Confessions of a Library Fugitive

Photo: CCAC North Library

I am wanted by the library.

I have three kids. And I want to do right by them, you know? Which, apparently, according to all the “experts” like “teachers” and “social services” means schlepping them to the library regularly.

Let’s call my oldest The Solicitor because he can talk the hind legs off a mule. Not that we have a mule. I guess he’ll have to talk the hind legs off his brother. He loves his cell phone, My Life is Average, and his mom. In that order. Actually, he’d probably put a lot of things between MLIA and his mom. He also loves to read, always has, which has led to the trouble.

My middle, my only girl, is also a reader. We call her the Pink Goth because when she was little, she’d dress head to toe in fluffy pink. Then she’d give every stranger on the street the nastiest, drop-dead looks if they so much as smiled at her. We’re talking looks that could incinerate, with her head down, glaring up at them through her eyebrows. We later figured out the Pink Goth was shy and walking around looking like she wanted to skin your cat was her way of protecting herself. At least that’s what we tell ourselves. Ask us in 7 years when the neighborhood cats start disappearing.

And the little guy? He is a boundless stream of energy. He climbs on things he really shouldn’t. Like lamps. Or the vacuum cleaner. He’s all boy. Let’s call him Turbo.

He’s too busy breaking things to do anything so quiet as reading. But there is an exception. He’ll read anything about dinosaurs. He loves dinosaurs. He knows their Latin names, their habits, favorite TV shows, and profiles. He will read, no, he NEEDS to read each and every book on the face of the earth about dinosaurs. Especially the ones with pictures of bloody teeth chomping through shredded flesh.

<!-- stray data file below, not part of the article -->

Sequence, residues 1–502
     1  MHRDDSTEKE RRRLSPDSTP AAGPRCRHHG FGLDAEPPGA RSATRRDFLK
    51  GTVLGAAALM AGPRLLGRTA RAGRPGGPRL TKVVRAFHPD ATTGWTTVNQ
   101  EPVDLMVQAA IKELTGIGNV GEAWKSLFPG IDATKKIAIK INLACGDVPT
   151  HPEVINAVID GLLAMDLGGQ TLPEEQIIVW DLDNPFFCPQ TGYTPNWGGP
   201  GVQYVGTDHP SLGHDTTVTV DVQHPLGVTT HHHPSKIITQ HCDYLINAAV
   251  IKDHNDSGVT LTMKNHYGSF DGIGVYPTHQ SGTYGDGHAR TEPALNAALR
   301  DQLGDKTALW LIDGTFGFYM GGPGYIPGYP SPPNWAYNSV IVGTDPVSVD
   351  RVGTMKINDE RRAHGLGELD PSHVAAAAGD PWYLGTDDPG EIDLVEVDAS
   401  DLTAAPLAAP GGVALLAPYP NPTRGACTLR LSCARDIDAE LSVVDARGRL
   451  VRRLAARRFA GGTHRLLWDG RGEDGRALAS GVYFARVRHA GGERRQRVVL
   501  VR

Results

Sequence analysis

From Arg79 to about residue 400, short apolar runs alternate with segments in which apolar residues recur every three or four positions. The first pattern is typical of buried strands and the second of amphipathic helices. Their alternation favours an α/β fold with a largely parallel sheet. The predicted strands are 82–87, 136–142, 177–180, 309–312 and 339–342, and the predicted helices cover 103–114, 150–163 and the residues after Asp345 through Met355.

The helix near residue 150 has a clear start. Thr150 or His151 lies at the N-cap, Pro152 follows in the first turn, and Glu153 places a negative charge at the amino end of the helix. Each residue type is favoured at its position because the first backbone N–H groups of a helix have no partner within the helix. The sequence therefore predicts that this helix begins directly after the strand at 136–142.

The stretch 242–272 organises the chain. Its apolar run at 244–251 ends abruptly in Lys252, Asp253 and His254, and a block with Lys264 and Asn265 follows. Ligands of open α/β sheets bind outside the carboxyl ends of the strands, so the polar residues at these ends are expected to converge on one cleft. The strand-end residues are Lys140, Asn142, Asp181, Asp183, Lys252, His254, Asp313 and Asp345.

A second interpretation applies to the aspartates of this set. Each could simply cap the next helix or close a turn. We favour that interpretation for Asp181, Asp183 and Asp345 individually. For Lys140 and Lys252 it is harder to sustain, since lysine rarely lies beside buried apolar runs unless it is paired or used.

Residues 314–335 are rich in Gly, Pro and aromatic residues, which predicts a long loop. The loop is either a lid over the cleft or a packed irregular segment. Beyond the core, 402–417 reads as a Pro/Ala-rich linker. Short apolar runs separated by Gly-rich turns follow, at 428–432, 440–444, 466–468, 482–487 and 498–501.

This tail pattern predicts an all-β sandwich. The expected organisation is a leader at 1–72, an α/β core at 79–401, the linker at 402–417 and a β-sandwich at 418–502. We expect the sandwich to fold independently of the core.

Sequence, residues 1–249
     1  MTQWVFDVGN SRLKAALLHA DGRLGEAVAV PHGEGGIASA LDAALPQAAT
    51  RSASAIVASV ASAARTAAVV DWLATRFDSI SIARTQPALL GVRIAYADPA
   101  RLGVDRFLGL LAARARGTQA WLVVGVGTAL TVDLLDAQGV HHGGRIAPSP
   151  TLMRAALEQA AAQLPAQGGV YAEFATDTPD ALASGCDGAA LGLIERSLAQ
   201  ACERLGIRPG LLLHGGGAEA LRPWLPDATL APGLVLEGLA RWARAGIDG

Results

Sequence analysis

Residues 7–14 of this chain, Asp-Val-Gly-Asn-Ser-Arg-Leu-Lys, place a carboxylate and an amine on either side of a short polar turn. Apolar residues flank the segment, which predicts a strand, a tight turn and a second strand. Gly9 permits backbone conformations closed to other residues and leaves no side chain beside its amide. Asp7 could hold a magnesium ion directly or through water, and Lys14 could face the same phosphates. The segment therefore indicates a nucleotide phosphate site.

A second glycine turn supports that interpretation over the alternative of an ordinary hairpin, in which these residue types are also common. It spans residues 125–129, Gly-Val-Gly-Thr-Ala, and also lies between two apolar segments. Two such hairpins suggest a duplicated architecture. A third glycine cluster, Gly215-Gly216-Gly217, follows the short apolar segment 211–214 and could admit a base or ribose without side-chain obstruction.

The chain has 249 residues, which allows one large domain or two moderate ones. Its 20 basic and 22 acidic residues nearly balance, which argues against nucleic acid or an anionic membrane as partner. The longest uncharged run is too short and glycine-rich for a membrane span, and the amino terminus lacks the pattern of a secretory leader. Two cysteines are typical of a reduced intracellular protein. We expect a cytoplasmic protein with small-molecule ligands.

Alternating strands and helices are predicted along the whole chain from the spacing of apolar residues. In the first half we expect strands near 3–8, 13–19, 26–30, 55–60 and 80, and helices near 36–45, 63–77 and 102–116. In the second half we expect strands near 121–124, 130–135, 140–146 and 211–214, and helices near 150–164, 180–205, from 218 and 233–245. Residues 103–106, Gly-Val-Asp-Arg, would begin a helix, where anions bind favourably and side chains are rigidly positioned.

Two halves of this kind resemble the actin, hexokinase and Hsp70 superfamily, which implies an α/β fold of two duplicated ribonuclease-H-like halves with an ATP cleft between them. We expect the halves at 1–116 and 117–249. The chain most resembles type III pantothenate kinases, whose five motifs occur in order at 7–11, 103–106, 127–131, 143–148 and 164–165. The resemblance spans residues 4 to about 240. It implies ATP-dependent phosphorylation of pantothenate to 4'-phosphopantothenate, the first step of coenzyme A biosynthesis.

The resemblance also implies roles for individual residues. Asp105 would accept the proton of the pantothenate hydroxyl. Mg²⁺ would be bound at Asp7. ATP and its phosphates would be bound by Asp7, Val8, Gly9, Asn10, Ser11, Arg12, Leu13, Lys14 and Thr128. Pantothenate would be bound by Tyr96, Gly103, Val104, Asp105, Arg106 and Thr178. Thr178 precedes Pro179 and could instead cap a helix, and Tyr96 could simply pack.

Seriously. I have nightmares.

So being the diligent and responsible mom I am, I pack them up and take them to the library. The Solicitor gets his Percy Jackson. Pink Goth gets her book about flying cats. And Turbo picks up 17 books about dinosaurs. And there, at the checkout, is where the National Guard moves in to take me down.

You see, I’m really good at getting books from the library. Not so good at returning them.

It all started when we moved. I don’t know about you, but no matter how organized I am at the gate, my final days of moving consist of grabbing big piles of stuff and frantically shoving them in boxes. I have never moved without moving a few bags of trash that I just crammed into a box.

When we moved, I jammed a stack of library paraphernalia in a box, labeled the box “MISC,” and forgot where it was. That box is probably still packed in the basement, three moves later. In the box, apparently, were books, but also DVDs.

DVDs in the District of Columbia have a late fee of $1 day.

When I went back to make peace with the library, I had a small matter of a bill.

500 dollars. Yep. You read that right. I had a FIVE. HUNDRED. DOLLAR. library fine.

Go me.

I know that there are moms out there who have never had an overdue book, much less spectacularly overdue. Their kids eat vegetables joyfully. They vacuum behind the refrigerator and bake carob cupcakes for class snacks.

This blog post is not for you. Go away and dust or something.

I can’t be the only library fugitive out there. There have to be bloggers for the rest of us. The ones who try and fail and find joy in our kids nonetheless. The less-than-perfects, the ones that make the other moms look good. We can pull this off. We can do it. Si, se puede.

About Rebecca Cusey

Rebecca is a lead critic and editor of entertainment at Patheos. Follow her on Twitter @Rebecca_Cusey

  • carla